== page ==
Carmel College Year 0 2011 - advice/anyone else applying this year?

Discussion in 'Liverpool Medical School' started by themedicformerlyknownas, Jan 7, 2011.

  1. themedicformerlyknownas

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    Hello!

    I am hoping to apply for Year Zero this year.

    Does anyone have any advice or experiences to share? Particularly re. personal statements, work experience and interviews! (I've had a look at the existing threads).

    Also looking out for anyone else applying this year?

    A bit about me:

    I am currently a university lecturer in a practical arts subject. I have been considering retraining for some years, and have decided to make the leap before it really is too late (I'm in my late 30s, erk).

    I am frantically trying to organise some work experience so I can make my application for April. I do, however, have lots of experience (over a decade!) of working in hospices/hospitals and with people with disabilities/older people through my work as an artist. I would prefer to have a stronger work experience portfolio but there seems no sign of the ELQ ruling being reversed for 2012 entry - finding some £37.5K in fees up-front? Nice! :(

    My profile:
    Lifelong interest in Biology (much of my childhood spent in the Natural History Museum!)
    11 O-levels and GCSEs, all at grade A (including a double Science thingummy and Additional Maths! - will these finally be useful?!)
    BA (Hons) degree (arts subject), First Class
    MA (digital arts subject)

    :D :D
     
  2. Steh

    Steh New Member

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    I was thinking about applying this year, but dont think i will of re-gained my health fully enough in time. So think im going to sort some work experience out over the next year and apply the year after.

    I know this doesnt help much :p but im also interested in the questons you asked. Best of luck to you :)
     
  3. Martigan

    Martigan Super Moderator

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    I'm in a similar position to you, age-wise at least. You have the qualifications. You seem to have the work experience, but some will tend to ignore it if it's too old and hasn't been continued. So its now about deciding where to apply, ensuring you have taken all the prerequisite exams, the PS and getting yourself in the right mindset for interviews.

    The key point I would make is you need to accept that the process is a lottery and highly competitive. So don't take it to heart of you don't get in first time, as it could just as likely be the system and anything you have done.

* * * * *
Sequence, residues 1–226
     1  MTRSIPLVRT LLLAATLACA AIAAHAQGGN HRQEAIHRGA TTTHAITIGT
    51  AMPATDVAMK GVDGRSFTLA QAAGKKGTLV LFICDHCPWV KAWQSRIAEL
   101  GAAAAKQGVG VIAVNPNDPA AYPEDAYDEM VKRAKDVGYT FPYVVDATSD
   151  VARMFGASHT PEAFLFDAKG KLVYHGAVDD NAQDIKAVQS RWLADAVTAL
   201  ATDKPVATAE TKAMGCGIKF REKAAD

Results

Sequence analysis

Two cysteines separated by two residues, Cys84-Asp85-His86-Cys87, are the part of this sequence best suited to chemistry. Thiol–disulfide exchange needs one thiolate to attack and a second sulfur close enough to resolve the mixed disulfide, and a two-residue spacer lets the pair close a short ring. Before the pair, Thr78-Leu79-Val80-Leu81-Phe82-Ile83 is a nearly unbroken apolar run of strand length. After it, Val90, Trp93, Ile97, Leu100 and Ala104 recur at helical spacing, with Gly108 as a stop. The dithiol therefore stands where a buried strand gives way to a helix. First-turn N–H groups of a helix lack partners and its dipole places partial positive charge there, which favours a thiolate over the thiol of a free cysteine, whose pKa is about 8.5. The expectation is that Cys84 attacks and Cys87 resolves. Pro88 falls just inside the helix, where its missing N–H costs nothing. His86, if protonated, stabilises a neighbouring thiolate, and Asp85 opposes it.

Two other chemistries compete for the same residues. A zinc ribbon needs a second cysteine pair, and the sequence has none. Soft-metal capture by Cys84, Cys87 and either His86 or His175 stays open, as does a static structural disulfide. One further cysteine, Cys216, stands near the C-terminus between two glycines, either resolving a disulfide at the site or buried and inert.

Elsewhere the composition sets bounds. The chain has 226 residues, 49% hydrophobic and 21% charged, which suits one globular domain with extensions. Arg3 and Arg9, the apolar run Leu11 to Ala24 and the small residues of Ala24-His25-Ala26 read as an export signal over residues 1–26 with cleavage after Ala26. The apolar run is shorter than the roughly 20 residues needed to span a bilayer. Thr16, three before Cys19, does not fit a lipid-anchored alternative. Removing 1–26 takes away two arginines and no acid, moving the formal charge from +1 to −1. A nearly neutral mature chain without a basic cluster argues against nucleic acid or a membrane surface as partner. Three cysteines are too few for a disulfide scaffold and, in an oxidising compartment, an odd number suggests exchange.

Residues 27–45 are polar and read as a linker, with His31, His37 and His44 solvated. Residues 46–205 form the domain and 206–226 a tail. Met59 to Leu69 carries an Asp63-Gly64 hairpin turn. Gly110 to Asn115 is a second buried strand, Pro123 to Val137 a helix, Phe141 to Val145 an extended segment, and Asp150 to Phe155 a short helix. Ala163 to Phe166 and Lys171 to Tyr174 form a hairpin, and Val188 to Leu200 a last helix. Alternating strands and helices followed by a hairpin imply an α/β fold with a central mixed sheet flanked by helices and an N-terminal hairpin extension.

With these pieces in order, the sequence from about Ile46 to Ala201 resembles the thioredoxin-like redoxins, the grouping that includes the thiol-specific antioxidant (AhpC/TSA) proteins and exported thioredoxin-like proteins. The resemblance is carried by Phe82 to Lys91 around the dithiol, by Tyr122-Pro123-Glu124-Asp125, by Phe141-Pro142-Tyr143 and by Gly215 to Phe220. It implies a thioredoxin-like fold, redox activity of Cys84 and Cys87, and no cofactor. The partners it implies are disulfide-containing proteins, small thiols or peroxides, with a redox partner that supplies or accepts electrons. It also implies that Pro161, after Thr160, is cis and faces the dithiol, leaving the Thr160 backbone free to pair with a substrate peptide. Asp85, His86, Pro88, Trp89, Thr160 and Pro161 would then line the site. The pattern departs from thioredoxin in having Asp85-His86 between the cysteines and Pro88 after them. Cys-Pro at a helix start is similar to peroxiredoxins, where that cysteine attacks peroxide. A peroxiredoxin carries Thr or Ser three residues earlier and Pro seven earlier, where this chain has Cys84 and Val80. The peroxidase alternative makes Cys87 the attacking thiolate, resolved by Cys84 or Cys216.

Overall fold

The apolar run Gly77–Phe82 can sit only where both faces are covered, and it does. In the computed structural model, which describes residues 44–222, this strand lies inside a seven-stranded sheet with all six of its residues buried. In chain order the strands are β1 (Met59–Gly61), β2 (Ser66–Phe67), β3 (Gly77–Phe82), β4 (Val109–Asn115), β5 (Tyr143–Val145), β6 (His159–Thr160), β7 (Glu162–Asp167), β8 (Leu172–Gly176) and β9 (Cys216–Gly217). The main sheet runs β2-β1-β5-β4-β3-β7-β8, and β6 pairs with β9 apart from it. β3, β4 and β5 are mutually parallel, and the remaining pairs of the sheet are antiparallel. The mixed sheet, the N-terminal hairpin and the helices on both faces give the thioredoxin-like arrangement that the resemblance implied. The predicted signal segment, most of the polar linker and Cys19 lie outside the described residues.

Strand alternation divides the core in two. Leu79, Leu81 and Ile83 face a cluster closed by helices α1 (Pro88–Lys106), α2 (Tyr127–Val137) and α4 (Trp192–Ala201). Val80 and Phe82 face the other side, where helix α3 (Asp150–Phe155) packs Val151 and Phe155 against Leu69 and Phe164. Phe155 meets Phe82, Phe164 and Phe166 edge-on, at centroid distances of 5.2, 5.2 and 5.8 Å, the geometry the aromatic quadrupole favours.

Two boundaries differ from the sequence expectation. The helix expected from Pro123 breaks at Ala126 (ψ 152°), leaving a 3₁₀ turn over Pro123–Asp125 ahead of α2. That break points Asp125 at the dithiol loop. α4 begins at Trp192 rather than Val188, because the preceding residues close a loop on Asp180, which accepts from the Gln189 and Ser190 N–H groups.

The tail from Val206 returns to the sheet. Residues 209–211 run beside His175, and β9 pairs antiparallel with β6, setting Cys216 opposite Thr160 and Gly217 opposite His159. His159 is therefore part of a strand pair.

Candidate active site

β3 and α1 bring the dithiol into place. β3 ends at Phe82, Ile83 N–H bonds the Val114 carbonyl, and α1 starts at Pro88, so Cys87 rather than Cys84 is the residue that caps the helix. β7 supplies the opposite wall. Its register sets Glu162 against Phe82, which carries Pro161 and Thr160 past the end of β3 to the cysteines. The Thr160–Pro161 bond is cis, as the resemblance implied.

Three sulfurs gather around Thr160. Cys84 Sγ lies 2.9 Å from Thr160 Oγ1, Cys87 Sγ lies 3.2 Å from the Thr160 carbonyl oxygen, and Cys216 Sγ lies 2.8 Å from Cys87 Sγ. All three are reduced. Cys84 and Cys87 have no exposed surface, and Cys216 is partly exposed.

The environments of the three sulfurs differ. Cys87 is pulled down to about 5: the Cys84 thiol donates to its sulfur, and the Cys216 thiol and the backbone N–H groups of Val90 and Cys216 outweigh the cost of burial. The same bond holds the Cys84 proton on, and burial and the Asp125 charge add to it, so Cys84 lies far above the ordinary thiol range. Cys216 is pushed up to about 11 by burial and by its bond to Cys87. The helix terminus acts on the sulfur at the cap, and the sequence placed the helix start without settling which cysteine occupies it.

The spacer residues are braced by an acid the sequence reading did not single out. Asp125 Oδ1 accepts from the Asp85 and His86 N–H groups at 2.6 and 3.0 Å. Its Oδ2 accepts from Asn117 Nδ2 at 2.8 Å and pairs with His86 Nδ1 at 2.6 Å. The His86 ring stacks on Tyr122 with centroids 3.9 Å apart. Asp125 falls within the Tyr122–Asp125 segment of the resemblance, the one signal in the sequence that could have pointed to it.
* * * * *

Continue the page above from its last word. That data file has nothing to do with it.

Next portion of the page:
Are you only considering Liverpool/Lancaster or do you have other options you are considering?
     
  4. themedicformerlyknownas

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    Hi Steh. Nice to hear from you. Hope you get back to full health soon, and I may yet bump into you in the future :)
     
  5. themedicformerlyknownas

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    Hi Martigan, thanks for your reply. :)

    My experience of working with people in healthcare and community settings has been ongoing: I was involved in setting up a pilot arts project at a local children's hospital just this year.

    Liverpool is my only real option, for personal and practical reasons. I believe I would feel comfortable with a PBL course, as that kind of approach has many parallels with what I do now. I love researching and problem-solving. Plus, my partner has a job here, and we have a mortgage. I can (albeit barely!) afford to retrain here, seeing as I live within walking distance of the uni. I've kind of resigned myself for maybe not getting in this year, however. :/

    Do you have science A-levels? I see that you have applied for some four-year courses. I could kick myself for not taking A-levels, which would have included Biology and probably Chemistry, although the decisions that I made were right for me at the time.

    Hope your interviews are going well. :)
     
  6. Manana

    Manana New Member

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    Have you spoken to admissions about your application? When I was deciding where to apply to I got the impression from the year 0 admissions team that they weren't keen on graduates applying as there are other routes into medical school for graduates. If you check out last year's thread on here, the people getting accepted were those with just GCSEs or GCSEs and non science A-levels; the graduate applicants didn't seem to get offers.
     
  7. themedicformerlyknownas